By Warren Cole Smith
Hurricane Ian has come and gone, but the consequences remain, and so does a re-energized discussion about whether climate change contributed to Ian’s devastation.
I hope Hurricane Ian will also prompt a renewed discussion of the National Flood Insurance Program (NFIP).
NFIP began in 1968. According to Politico, “As of 2016, the NFIP has over 5 million policies in force and saves policyholders around $3 billion annually.”
Perhaps, but the $3 billion it saves policyholders is actually far less than it costs taxpayers. Since Politico wrote that story (“The Government’s Hidden Housing Subsidy For The Rich”), the program has gone through many more billions of dollars. The NFIP has about $30 billion in debt, and it would be more if Congress didn’t cancel more than $16 billion in 2017.
I would like to propose a common-sense adaptation to climate change that should please both the left and the right: phase out the NFIP.
Multiple analyses of the program indicate that most of the money goes to affluent beach homeowners. Progressives who want to reduce financial subsidies for the wealthy could support such a move. Conservatives and libertarians who oppose wasteful spending and favor limiting government programs could also support this idea.
Eliminating a program that has been around for more than 50 years will not happen overnight. We might need interim steps, such as grandfathering those already in the program, and making new policy holders receive payouts contingent on re-building elsewhere.
It might even make sense to give some homeowners a one-time bonus to encourage them to leave. After all, not everyone who takes advantage of the NFIP are wealthy. Leaving what for some was their dream home, or land that was in their family for generations, is hard. But Ian’s ravages have turned some of those dreams into nightmares. Many people trying to put their lives back together in Ian’s aftermath might welcome the opportunity to start fresh…elsewhere.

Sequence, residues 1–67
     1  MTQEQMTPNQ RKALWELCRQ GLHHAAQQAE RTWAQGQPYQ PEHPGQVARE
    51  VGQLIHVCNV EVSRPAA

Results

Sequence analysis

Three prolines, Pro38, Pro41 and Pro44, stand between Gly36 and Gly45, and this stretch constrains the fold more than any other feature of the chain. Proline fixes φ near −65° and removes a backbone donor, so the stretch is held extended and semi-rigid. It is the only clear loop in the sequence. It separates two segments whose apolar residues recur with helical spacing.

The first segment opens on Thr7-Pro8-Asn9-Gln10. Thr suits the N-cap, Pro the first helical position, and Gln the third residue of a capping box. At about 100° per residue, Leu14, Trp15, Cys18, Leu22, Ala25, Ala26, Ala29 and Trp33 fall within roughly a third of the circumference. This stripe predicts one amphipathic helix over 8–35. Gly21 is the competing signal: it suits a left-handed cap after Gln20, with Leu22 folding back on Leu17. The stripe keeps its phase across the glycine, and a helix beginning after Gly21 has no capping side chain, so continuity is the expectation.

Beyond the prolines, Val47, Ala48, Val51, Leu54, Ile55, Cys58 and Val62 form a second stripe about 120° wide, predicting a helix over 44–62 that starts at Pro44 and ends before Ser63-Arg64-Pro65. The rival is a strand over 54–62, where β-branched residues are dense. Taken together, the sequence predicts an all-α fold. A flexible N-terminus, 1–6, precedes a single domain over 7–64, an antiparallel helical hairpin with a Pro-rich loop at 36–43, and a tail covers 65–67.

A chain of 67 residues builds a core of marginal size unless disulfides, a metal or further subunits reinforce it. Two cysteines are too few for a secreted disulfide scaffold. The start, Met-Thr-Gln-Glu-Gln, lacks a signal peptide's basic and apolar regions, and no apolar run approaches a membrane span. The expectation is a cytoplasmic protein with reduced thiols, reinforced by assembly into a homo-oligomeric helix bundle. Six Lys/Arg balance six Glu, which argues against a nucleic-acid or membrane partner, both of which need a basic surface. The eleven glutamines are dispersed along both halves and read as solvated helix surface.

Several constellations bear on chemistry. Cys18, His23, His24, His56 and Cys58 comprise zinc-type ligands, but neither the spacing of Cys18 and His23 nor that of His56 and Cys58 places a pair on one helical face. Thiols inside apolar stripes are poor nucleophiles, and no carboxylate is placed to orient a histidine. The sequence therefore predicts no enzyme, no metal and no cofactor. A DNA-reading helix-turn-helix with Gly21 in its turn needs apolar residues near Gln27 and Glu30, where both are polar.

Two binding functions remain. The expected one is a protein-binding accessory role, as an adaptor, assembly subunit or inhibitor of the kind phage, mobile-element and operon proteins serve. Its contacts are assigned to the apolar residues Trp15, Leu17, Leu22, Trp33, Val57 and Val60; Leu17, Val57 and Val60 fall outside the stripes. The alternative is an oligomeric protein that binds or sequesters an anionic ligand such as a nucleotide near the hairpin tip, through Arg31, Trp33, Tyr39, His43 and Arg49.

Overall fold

For those who choose not to move, tell them that that after this obligation is honored, they are on their own. Their insurance – at least the government subsidized portion — will not be renewed. If they want to rebuild, they will have to assume the risk – along with private, non-government subsidized insurance. My guess is that many people would take the money and run.
Also, there’s this: over time, reforming or eliminating NFIP would likely have the additional benefit of returning thousands of acres of oceanfront land to an undeveloped state. That land would provide a buffer to sea level rise in some coastal areas.
And those who are wealthy enough to stay and incur the risk: Godspeed to you. The rest of us will welcome your periodic infusions of cash into the economy as you maintain, repair, and rebuild your storm ravaged properties.
The bottom-line is simple: The status quo in coastal areas is unsustainable. It simply doesn’t make sense to pay people to re-build on the same disaster-prone real estate over and over again. The behavior of the NFIP fits Einstein’s famous definition of insanity: “Doing the same thing over and over again, and expecting a different result.”
It’s time to do something different.
Charlotte’s Warren Cole Smith is the author of Clear Thinking About Climate Change, published by the Cornwall Alliance For The Stewardship of Creation.